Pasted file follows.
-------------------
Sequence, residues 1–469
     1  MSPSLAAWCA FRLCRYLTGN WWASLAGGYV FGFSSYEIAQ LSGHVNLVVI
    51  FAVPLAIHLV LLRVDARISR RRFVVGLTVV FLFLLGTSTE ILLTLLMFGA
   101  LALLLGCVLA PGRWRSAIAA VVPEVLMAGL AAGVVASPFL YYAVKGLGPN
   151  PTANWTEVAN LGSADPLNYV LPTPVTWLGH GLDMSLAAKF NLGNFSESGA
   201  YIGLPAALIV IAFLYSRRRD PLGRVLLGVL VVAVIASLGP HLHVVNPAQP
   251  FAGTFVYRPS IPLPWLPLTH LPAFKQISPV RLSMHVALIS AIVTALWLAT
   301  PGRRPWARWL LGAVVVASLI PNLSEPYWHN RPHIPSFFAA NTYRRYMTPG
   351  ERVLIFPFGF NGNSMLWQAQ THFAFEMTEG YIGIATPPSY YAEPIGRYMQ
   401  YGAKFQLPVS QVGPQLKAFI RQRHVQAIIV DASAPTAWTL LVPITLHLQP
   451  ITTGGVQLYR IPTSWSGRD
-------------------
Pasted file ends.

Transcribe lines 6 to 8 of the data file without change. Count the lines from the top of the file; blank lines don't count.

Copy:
   201  YIGLPAALIV IAFLYSRRRD PLGRVLLGVL VVAVIASLGP HLHVVNPAQP
   251  FAGTFVYRPS IPLPWLPLTH LPAFKQISPV RLSMHVALIS AIVTALWLAT
   301  PGRRPWARWL LGAVVVASLI PNLSEPYWHN RPHIPSFFAA NTYRRYMTPG